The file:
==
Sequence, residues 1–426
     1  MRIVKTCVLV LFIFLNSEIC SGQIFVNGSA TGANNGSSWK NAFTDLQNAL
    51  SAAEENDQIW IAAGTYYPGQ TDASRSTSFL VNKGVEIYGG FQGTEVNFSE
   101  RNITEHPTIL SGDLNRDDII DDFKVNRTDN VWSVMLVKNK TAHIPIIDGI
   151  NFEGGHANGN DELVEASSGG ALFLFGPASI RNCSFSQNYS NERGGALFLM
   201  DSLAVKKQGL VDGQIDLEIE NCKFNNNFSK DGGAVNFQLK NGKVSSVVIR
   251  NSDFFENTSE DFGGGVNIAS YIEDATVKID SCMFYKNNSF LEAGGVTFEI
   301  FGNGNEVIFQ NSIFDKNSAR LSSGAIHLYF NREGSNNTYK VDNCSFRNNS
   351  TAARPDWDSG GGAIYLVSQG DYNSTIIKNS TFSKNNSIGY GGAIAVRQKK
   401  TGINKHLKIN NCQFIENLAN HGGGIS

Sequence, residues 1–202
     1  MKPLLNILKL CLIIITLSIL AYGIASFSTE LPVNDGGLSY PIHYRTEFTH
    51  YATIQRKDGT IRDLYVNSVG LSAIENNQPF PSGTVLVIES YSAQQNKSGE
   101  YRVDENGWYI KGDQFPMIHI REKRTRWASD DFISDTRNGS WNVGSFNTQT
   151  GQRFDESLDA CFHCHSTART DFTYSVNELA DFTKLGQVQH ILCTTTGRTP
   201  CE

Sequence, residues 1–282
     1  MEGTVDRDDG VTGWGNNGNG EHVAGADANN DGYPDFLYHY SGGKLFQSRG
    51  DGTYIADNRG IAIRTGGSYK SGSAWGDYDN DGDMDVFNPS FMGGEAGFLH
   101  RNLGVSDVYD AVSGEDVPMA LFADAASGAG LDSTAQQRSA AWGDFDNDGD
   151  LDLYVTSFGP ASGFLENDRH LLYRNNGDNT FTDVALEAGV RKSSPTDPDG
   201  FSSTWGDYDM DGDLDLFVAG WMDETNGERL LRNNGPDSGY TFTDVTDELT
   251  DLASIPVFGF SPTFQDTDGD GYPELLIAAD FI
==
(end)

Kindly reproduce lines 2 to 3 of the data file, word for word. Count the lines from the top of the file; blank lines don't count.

     1  MRIVKTCVLV LFIFLNSEIC SGQIFVNGSA TGANNGSSWK NAFTDLQNAL
    51  SAAEENDQIW IAAGTYYPGQ TDASRSTSFL VNKGVEIYGG FQGTEVNFSE